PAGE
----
Operators of County Nursing Homes Liable for Nursing Home Neglect

Nursing Home Neglect in County Nursing Homes

State and local governments are cloaked with broad immunity from private lawsuits. While many exceptions to state and local governmental immunity exist, they tend to be narrow and technical. Governmental immunity doesn’t protect only government agencies; it also often extends to government officials, employees, and volunteers. But where a County‑owned nursing home is operated by a private corporation, the County’s governmental immunity does not protect the private corporation from suits for its negligence.

The family of an elderly woman who died after having suffered severe neglect in a county nursing home sued the private company that had contracted with the County to run the home. Noting that the private company’s contract with the County gave the private company control of the nursing home and required that the private company “ensure that the facility was properly staffed, equipped, trained and prepared to deliver care to the residents,” the Pennsylvania Commonwealth Court agreed that the private corporation was an independent contractor and was not operating as part of the county government.

In fact, the private company was a for‑profit company that operated nursing homes in several states. Refusing to extend governmental immunity to private individuals or corporations that contract to provide services for government entities, the court found that where a private corporation acts for profit and exercises independent management control, it is liable for its negligence.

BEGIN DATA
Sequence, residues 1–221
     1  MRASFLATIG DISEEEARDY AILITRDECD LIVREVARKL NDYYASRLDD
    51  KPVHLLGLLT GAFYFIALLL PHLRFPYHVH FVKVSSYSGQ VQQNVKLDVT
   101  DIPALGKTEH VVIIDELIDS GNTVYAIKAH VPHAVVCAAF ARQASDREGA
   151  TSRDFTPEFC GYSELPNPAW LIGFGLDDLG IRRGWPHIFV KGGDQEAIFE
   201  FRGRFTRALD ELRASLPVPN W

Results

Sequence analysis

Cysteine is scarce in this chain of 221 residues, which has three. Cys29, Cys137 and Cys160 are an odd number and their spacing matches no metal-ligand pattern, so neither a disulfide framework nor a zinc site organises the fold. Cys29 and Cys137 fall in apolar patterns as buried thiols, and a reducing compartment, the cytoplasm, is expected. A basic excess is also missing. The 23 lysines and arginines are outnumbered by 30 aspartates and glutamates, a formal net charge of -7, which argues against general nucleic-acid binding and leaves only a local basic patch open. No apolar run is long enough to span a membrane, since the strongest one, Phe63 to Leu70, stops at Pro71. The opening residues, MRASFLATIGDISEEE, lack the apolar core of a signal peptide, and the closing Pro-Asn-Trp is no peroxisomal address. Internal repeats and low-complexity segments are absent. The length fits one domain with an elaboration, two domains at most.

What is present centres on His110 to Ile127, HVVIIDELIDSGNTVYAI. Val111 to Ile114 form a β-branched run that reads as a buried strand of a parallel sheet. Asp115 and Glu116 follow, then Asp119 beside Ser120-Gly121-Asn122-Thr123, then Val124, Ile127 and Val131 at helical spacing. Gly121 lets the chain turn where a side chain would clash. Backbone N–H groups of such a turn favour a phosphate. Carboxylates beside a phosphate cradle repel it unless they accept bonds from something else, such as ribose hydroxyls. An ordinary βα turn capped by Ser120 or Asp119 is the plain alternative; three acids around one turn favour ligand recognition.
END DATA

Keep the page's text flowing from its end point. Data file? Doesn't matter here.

Any private company considering a business venture of any kind with a governmental entity or agency must assume that it will not enjoy governmental immunity. Before anyone injured by a governmental activity assumes that immunity applies, he or she should more thoroughly review the actual identity of the parties involved: When independent contractors act on behalf of government, immunity sometimes disappears.

Take Me Out to the Ball Game – Injuries During Baseball

Who is Liable for Injuries During Baseball Games?

Spectators at baseball games assume the risk of a variety of injuries—balls and even bats sometimes hit fans and can cause serious injuries. A Phillies fan who tried to get around the law of assumption of the risk struck out when the Pennsylvania Superior Court threw his case out of court.

The spectator suffered a serious eye and head injury when he was hit by a ball thrown into the stands by a Phillies center fielder. The center fielder intentionally tossed the ball into the stands at the end of an inning, to serve as a souvenir for a lucky fan. Unfortunately, no fan caught the ball, and the injured spectator sued, claiming that while he assumed the risks associated with the play of the game, he did not assume the risk of being hit by a ball intentionally thrown into the stands.